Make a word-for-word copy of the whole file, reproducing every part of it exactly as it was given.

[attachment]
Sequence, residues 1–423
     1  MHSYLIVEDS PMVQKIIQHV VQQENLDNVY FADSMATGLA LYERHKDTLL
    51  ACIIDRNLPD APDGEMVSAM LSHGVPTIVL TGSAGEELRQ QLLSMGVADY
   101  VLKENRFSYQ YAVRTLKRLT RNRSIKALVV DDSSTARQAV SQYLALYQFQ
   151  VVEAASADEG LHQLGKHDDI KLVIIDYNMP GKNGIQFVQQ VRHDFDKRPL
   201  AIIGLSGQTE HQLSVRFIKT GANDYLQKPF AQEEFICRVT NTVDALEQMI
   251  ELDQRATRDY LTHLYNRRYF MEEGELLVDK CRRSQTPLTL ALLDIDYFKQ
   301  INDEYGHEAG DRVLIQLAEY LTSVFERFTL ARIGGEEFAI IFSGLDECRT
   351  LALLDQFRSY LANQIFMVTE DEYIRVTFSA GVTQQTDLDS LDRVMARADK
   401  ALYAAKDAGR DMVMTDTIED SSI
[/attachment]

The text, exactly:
Sequence, residues 1–423
     1  MHSYLIVEDS PMVQKIIQHV VQQENLDNVY FADSMATGLA LYERHKDTLL
    51  ACIIDRNLPD APDGEMVSAM LSHGVPTIVL TGSAGEELRQ QLLSMGVADY
   101  VLKENRFSYQ YAVRTLKRLT RNRSIKALVV DDSSTARQAV SQYLALYQFQ
   151  VVEAASADEG LHQLGKHDDI KLVIIDYNMP GKNGIQFVQQ VRHDFDKRPL
   201  AIIGLSGQTE HQLSVRFIKT GANDYLQKPF AQEEFICRVT NTVDALEQMI
   251  ELDQRATRDY LTHLYNRRYF MEEGELLVDK CRRSQTPLTL ALLDIDYFKQ
   301  INDEYGHEAG DRVLIQLAEY LTSVFERFTL ARIGGEEFAI IFSGLDECRT
   351  LALLDQFRSY LANQIFMVTE DEYIRVTFSA GVTQQTDLDS LDRVMARADK
   401  ALYAAKDAGR DMVMTDTIED SSI